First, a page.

Category Archives: essay writing

13 writing tips

The father of one of my students asked me if I could provide his son with a short guide his son could keep near his computer and use while writing.  Here it my suggestion.

Create a detailed prewriting organizer before you write.  Use it.

Make sure you follow directions if you are writing a response.  Cite?  Paraphrase?  Summarize?  Analyze?  Two instances?  Three?

Write the thesis sentence first before you write any other sentence if you are writing an essay.

Decide who your main character is and the problem he or she will face before you write your first sentence if you are writing a narrative.

Read your first draft aloud.  Does every sentence make sense?  Do you follow your organizer?  If something is missing, include it.  If something is irrelevant, delete it.

Make sure every body paragraph supports the thesis of your essay.

Make sure every action moves the main character closer to solving his or her problem in your narrative.

Identify weak or overused verbs and replace them with specific verbs.

Identify and vary sentence structures.  Especially include complicated simple sentences and complex sentences.

Show, don’t tell.  If you are concluding, you are telling.

Search for your typical grammar mistakes and fix them.

Add more precise details such as names, numbers, dates, locations, direct quotes, dialog, examples, thoughts, precise descriptions and sensory information.

Do revise.  First drafts are seldom good enough.

How to better use prewriting organizers

Organizing writing before the first sentence is written is a sure way for students to improve their writing.  Yet many students (most students?) don’t do it.  Why?  Some kids are in a hurry and don’t want to take the time to create an organizer.  Some kids don’t know how to create useful organizers.  Some kids think skipping an organizer won’t harm their writing.

What can teachers do to encourage students to create organizers and to use them?

Teachers could insist students use a prewriting organizer before writing a single sentence, and grade it or include it as part of the writing assignment grade.  For a given assignment, the teacher could reproduce several student prewriting organizers (and the teacher’s own prewriting organizer) for the class to analyze.  What ones are effective?  Why?  The teacher could ask students to compare those to their own organizers.  Then the teacher could ask students to improve their organizers before they write their essays.

Teachers could insist that students follow their organizers, and grade the essay, in part, on whether the organizer was followed.  Teachers could ask students to exchange organizers and essays before they are turned in for grades.  Classmates could alert students who have not followed the organizer.  Teachers could give those students more time to align their essays with their organizers.

Teachers could limit the kinds of organizers students use to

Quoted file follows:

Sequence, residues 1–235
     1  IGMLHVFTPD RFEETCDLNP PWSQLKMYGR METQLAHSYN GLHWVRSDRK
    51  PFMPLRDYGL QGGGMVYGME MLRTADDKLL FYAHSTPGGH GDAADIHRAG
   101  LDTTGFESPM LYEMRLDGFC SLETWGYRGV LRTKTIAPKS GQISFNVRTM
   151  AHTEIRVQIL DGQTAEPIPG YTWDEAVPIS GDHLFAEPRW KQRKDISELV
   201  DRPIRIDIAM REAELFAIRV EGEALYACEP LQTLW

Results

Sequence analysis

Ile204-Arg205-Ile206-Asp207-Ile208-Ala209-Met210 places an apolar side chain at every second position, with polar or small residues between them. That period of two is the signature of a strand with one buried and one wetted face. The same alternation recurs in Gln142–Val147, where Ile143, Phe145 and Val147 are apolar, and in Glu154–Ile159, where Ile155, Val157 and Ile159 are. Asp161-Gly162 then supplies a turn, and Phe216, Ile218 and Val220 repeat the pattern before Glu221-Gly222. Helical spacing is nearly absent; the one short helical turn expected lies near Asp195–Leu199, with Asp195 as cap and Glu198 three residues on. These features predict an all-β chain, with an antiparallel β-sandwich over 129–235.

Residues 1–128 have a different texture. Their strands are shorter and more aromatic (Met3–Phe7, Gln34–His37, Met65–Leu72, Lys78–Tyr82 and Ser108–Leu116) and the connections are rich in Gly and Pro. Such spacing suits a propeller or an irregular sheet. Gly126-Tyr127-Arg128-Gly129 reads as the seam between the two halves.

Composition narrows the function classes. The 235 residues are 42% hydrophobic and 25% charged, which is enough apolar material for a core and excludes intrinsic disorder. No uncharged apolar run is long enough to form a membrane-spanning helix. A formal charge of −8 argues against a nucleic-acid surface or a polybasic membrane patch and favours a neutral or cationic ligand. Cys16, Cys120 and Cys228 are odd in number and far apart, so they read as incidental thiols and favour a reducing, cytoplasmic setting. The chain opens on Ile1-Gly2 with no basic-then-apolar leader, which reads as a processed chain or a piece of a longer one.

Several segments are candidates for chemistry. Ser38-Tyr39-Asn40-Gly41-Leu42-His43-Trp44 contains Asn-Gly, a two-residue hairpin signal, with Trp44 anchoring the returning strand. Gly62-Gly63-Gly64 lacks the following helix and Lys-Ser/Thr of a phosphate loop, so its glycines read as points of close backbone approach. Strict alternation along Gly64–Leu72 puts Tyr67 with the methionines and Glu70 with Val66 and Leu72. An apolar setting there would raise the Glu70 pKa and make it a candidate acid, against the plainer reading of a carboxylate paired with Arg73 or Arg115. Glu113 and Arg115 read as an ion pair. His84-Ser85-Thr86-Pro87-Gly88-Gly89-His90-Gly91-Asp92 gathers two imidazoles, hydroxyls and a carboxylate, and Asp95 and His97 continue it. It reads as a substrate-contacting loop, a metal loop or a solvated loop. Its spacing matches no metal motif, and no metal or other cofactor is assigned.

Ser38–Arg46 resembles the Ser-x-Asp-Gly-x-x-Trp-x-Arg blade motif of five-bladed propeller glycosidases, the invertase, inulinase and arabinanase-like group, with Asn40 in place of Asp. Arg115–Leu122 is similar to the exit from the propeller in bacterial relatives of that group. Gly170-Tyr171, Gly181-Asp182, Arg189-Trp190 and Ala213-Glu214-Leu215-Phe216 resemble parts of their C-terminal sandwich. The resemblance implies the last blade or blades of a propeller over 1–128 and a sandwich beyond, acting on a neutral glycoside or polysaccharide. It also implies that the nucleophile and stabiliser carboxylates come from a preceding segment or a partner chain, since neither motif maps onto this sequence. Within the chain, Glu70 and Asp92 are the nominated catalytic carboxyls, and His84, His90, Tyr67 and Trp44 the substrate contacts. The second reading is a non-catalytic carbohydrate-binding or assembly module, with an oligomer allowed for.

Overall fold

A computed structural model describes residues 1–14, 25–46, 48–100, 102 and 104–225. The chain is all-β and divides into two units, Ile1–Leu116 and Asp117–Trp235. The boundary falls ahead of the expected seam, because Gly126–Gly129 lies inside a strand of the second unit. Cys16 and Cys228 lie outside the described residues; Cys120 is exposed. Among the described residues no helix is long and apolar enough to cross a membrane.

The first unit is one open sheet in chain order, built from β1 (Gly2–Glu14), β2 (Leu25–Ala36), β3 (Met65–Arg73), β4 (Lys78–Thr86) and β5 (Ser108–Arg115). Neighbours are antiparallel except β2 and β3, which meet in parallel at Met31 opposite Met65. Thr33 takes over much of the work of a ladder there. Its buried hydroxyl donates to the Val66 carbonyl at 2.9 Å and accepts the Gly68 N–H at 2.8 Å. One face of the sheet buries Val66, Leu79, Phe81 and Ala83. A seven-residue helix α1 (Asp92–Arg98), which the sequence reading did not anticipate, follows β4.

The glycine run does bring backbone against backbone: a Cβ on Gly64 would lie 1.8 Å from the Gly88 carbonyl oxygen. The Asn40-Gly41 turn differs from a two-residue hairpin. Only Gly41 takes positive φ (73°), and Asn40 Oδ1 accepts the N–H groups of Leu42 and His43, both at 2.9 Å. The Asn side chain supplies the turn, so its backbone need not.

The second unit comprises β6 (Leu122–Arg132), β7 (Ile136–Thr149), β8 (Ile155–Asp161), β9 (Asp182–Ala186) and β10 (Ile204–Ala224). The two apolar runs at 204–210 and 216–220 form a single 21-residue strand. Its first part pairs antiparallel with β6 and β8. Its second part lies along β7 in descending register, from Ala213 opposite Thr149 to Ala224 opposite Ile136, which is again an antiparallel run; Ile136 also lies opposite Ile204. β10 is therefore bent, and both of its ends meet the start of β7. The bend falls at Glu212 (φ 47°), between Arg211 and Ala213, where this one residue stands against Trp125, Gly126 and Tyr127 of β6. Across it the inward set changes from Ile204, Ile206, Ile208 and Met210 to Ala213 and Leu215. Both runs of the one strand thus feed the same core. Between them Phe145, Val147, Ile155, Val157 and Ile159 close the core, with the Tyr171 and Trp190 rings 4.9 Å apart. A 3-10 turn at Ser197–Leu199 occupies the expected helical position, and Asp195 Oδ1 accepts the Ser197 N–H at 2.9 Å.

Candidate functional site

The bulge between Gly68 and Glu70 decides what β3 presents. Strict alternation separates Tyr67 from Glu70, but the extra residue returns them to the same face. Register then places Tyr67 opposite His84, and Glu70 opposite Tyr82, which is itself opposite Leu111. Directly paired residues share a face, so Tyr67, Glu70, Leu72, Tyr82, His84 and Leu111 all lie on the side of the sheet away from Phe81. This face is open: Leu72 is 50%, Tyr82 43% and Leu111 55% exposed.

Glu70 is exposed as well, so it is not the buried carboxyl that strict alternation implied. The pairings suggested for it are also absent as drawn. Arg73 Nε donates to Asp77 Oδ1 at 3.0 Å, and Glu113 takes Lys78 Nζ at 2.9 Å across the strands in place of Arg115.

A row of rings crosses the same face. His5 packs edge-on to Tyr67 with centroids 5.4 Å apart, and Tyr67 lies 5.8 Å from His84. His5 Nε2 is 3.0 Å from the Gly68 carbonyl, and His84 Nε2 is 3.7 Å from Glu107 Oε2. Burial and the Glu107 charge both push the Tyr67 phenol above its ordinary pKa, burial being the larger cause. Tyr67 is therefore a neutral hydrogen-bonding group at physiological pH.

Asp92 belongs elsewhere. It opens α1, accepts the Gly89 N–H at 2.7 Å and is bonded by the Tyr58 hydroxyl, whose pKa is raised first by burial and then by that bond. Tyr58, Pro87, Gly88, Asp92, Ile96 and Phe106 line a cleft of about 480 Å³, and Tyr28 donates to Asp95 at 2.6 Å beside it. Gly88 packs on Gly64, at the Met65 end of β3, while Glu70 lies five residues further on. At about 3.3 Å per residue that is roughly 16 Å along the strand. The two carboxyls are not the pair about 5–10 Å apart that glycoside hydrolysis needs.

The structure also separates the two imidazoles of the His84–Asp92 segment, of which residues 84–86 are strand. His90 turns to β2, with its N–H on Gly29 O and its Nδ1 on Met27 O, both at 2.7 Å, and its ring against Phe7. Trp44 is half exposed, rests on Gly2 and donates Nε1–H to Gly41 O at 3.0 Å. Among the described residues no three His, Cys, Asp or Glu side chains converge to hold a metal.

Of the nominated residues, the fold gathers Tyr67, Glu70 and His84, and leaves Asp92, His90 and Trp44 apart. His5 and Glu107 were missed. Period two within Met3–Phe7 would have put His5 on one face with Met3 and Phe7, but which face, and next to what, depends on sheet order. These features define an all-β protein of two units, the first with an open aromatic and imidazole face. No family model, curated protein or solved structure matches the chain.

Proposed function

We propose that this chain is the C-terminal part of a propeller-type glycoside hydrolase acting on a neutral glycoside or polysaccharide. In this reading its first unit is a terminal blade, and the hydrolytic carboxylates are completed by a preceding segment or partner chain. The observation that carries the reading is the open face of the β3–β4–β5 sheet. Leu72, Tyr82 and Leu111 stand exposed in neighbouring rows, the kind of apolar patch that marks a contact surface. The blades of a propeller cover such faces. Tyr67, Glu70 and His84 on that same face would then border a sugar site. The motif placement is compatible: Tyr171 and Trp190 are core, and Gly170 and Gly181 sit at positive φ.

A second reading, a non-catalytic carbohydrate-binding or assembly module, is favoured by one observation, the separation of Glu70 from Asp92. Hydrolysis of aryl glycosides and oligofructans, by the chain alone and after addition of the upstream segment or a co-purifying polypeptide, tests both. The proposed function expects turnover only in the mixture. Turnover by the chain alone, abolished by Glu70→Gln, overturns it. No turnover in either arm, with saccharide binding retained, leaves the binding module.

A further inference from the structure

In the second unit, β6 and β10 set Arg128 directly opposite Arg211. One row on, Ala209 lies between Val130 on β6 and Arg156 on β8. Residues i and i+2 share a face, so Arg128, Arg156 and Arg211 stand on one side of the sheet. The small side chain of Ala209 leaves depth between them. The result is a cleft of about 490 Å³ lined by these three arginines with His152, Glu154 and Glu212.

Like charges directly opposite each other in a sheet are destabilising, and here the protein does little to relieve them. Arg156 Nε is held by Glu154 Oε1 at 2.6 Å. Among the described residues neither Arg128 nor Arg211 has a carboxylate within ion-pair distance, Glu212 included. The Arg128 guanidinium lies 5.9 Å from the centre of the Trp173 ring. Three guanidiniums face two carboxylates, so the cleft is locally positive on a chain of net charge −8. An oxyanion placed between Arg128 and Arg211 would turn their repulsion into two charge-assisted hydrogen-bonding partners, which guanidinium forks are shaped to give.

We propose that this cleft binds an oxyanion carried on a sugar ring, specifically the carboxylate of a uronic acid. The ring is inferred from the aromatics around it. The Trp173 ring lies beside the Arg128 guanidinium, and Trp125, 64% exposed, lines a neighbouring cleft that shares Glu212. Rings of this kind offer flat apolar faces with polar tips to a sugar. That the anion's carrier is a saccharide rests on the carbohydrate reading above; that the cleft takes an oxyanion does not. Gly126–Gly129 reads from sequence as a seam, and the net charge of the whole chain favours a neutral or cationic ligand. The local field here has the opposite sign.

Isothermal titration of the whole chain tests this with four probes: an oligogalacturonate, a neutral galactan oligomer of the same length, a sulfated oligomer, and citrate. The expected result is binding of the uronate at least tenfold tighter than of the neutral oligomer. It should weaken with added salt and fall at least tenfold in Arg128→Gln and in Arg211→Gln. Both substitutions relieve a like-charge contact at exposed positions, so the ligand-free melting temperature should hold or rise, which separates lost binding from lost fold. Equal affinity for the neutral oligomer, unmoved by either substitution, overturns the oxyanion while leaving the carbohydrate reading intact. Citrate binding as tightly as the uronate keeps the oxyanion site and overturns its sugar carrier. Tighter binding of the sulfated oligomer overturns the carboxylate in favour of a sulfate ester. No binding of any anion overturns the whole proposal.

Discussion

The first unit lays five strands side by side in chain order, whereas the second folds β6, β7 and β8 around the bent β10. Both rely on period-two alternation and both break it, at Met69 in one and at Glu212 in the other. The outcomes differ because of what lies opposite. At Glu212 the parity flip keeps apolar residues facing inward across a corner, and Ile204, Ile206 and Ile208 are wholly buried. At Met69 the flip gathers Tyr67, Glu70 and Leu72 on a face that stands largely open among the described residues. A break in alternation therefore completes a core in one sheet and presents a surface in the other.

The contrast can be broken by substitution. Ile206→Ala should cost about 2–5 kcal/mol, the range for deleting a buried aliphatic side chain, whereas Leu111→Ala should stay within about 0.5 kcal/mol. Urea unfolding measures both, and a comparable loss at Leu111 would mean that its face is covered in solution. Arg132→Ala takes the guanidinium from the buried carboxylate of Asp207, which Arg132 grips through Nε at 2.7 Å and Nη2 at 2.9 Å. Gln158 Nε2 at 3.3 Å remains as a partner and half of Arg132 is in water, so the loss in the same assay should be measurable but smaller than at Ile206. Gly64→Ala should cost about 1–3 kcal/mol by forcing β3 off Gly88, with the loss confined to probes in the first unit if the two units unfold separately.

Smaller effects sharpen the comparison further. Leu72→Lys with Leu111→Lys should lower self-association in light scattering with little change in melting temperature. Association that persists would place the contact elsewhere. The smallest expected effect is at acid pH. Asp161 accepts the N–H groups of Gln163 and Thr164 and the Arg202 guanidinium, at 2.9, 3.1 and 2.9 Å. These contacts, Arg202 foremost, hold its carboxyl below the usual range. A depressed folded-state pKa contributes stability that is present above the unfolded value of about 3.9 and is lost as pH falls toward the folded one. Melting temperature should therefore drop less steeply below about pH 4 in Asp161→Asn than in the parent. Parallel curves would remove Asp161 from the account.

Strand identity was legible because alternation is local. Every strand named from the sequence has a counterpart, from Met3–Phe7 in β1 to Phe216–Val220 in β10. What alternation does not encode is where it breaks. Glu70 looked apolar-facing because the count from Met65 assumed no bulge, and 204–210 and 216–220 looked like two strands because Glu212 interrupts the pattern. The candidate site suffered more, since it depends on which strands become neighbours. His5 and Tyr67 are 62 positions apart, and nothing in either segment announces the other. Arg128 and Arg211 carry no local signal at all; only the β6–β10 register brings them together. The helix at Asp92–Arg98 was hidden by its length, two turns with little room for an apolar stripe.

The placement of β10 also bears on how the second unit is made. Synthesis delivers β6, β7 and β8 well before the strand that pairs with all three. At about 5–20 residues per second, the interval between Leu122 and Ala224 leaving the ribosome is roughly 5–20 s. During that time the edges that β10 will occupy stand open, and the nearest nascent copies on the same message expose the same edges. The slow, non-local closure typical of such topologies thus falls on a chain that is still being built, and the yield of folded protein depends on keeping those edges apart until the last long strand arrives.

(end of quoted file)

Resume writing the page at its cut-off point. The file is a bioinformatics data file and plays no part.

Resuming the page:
• Either mindwebs or semiformal organizers for most informational and persuasive essays,
  • Either Venn diagrams or charts for comparison or contrasting information, or
  • Modified time lines for narratives.

Teachers could spend more time teaching how to use organizers without requiring the resulting essays.  Not every organizer needs to lead to an essay.

Teachers could provide exercises using poor organizers for students to analyze.  Students would need to identify why those organizers are poor and how they could be improved.

Where should a student start an essay?

If you are teaching children essay writing, at which point do you tell students to begin their writing?  With the hook?  With the introduction?  With the thesis?  Somewhere else?

Lately when my students start to write essays, I tell them to skip over the introduction completely for now except for its last sentence, the thesis.  That is where I tell them to begin.

Then I tell them to write the topic sentences of the body paragraphs.  After that, I tell them to fill in the body paragraphs with detailed sentences.  Then, after the student knows the contents of the body, I tell students to write their introductions at the top of one page and their conclusions at the bottom of that page, so the students can see them both together.

The first draft of an essay is put together something like this (after the student writes an organizer):

  • The thesis is written at the top of the notebook paper or computer document.
  • Under it is written the first body paragraph topic sentence. About 2/3 of the way down the notebook paper is written the second body paragraph topic sentence.  On the back top is written the third body paragraph topic sentence.  Half way down is written the fourth, if there is a fourth.  If the student is using a computer, these sentences can be written one beneath the other since inserting more material is easy.